The cross-validation analysis rejected the hypothesis that the prediction for 150 nA current injections was no better for the actual cell’s response than for the response of HVCX of other birds (Supplemental Fig. 5). The mean of the cross-validated error values was 4.9× greater the mean for the actual error values, and no cross-validated predictions for a given neuron were smaller than values for that neuron’s actual model prediction. While the null hypothesis is weak, nevertheless rejecting it demonstrates that the modeling could capture variation in responses of HVCX of different birds.

Exhaustive parameter searches

We used a supercomputer (Cray XE-6, 24k cores) to conduct exhaustive parameter searches on the space of ion current magnitudes of 70 HVCX in 12 birds (54 neurons from 10 intact birds, 16 neurons from 2 DAF birds). gNa ranged between 200 and 2500 (step size of 20), gK ranged between 50 and 750 (step size of 10), gSK between 0 and 15 (step size of 0.2), gH between 0 and 15 (step size of 0.2), and gCa-T between 0 and 10 (step size of 0.2). We used the error function described above (see the ‘Model predictions and cross-validation’ section) to compare model and biological traces. Therefore, for each of the 70 neurons, we examined 2.43 × 109 possible solutions spanning the 5D space. Any model simulation that generated a spike train exhibiting different numbers of spikes than the biological trace was disregarded prior to computing the error.

Examining slices through the six-dimensional space of ion current magnitudes vs. model error revealed one or multiple local minima, with a single global minimum (best model) for that neuron residing in a distinct concavity (Fig. 3b). Examining the current magnitudes that varied the most in the population (gNa, then gSK), in 58 neurons, by visual inspection the manual fit was relatively close to and resided within the same concavity of the global minimum (e.g., Fig. 3b), with the global minima for neurons from the same bird clustered together albeit less tightly than for manual fits (Supplementary Fig. 4). For the remaining 12 neurons (2 birds), the global minimum was distinct from the values achieved by manual fitting. Even in these cases, the values of global minima and patterns of the error functions were similar for the HVCX within each bird and varied across the HVCX of different birds (Supplementary Fig. 5). Moreover, for all 12 of these neurons the models generated unrealistic spike morphologies (Supplementary Fig. 4), implicating inadequacies in the error function. These limitations notwithstanding, the results rule out that bias in manual fitting significantly contributed to the pattern of variation in ionic current magnitudes within and across birds that we had observed.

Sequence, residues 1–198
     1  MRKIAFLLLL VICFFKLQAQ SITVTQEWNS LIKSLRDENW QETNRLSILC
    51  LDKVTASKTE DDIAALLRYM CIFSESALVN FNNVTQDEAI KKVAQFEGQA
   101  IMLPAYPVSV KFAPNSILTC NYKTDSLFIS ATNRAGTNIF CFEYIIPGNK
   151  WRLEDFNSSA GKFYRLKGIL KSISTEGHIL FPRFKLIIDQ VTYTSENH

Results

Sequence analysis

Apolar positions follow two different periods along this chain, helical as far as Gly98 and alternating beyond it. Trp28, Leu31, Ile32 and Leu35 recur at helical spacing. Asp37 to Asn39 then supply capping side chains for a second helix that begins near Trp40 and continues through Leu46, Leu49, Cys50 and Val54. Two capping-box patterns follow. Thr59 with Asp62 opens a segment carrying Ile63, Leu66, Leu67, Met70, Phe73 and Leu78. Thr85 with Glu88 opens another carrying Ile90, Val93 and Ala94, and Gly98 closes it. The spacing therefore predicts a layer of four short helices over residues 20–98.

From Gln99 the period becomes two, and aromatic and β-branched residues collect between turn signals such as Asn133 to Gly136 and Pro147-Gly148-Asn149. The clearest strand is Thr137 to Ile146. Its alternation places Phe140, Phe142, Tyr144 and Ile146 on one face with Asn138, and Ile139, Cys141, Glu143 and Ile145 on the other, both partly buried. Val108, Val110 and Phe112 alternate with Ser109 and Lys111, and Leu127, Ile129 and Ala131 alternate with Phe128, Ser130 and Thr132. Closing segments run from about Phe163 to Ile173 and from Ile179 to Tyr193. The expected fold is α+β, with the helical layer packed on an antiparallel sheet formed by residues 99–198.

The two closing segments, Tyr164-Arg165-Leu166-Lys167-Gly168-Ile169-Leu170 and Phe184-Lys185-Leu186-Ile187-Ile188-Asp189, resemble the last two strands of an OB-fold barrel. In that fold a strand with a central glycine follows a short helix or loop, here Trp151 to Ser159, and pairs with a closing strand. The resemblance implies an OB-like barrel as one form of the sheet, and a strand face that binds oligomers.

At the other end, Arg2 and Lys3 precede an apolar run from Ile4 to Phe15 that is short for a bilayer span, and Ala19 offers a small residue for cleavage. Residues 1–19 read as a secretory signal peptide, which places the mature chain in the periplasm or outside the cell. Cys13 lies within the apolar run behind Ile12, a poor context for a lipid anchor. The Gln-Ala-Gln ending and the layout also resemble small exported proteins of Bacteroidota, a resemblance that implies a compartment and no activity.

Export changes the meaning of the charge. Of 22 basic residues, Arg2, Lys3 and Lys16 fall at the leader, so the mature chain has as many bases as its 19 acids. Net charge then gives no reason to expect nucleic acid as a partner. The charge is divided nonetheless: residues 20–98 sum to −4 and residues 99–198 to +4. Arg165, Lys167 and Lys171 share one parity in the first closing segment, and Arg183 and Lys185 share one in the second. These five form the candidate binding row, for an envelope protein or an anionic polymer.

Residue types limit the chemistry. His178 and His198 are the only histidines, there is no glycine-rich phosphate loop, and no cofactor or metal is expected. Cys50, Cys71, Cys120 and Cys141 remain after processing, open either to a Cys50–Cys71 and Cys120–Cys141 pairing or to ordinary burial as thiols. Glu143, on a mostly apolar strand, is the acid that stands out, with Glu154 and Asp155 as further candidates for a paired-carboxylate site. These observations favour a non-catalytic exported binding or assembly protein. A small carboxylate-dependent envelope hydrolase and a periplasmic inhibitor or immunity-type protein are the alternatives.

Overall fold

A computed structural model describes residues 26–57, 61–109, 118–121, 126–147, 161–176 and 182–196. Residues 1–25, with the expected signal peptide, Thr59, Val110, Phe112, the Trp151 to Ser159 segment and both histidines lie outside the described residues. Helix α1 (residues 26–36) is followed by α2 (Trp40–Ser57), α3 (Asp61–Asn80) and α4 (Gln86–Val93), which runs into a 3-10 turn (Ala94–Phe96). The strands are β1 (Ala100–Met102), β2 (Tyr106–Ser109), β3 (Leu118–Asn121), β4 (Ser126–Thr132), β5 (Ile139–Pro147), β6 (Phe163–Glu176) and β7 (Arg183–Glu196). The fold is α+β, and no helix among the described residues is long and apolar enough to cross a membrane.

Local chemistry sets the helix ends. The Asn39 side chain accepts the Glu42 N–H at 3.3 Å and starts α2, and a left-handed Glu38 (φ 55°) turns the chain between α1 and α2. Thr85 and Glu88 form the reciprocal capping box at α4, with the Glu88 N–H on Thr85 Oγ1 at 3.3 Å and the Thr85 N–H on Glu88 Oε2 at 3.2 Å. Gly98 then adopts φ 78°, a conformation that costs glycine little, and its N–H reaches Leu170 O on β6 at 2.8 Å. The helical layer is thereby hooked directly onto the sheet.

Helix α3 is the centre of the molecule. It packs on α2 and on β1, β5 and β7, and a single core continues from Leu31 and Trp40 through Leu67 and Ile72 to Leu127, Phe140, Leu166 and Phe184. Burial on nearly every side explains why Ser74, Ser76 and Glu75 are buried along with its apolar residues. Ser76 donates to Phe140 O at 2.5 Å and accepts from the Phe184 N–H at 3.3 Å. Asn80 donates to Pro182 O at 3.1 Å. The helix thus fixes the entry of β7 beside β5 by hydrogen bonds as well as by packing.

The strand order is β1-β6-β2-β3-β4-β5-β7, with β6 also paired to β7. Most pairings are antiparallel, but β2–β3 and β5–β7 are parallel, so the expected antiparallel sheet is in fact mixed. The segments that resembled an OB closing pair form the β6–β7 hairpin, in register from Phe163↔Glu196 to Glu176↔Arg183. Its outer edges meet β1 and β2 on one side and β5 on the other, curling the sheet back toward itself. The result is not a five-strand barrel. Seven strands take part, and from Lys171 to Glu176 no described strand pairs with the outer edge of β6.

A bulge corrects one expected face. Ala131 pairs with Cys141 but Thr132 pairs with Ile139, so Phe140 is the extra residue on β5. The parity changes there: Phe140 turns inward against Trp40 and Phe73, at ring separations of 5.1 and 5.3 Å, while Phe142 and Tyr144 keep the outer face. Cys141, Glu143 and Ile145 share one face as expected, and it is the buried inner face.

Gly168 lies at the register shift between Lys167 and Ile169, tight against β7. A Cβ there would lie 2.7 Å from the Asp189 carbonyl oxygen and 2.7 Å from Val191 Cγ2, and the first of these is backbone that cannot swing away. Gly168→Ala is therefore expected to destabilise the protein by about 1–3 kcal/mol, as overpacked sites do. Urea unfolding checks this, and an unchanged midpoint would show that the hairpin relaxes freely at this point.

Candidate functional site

The main goal of the parameter searches was to test the validity of the manual fit estimates and the conclusions regarding within-bird homogeneity and across-birds heterogeneity. To this end, we noted that the parameter sets corresponding to error minima that the exhaustive searches converged to showed clear clustering of conductances (Supplementary Fig. 7), even in cases where the automated searches did not converge to the same values as the manual fits. The discrepancies between the two is largely due to limitations in the way the error function was constructed. On occasion the automated procedures identified global minima whose corresponding voltage traces were not biologically realistic, but exactly fit the duration and height of the initial components of the action potential (Supplementary Fig. 4). The manual fit, however, elicited a more realistic looking trace when compared with the biological recording in terms of its plateau amplitude and the smooth AHP following action potentials. Because the computed error is a summation of the difference between the model simulation and the biological recording from each of the extracted features, the minimum does not always represent the most optimal solution, although it matches one or more of these features better.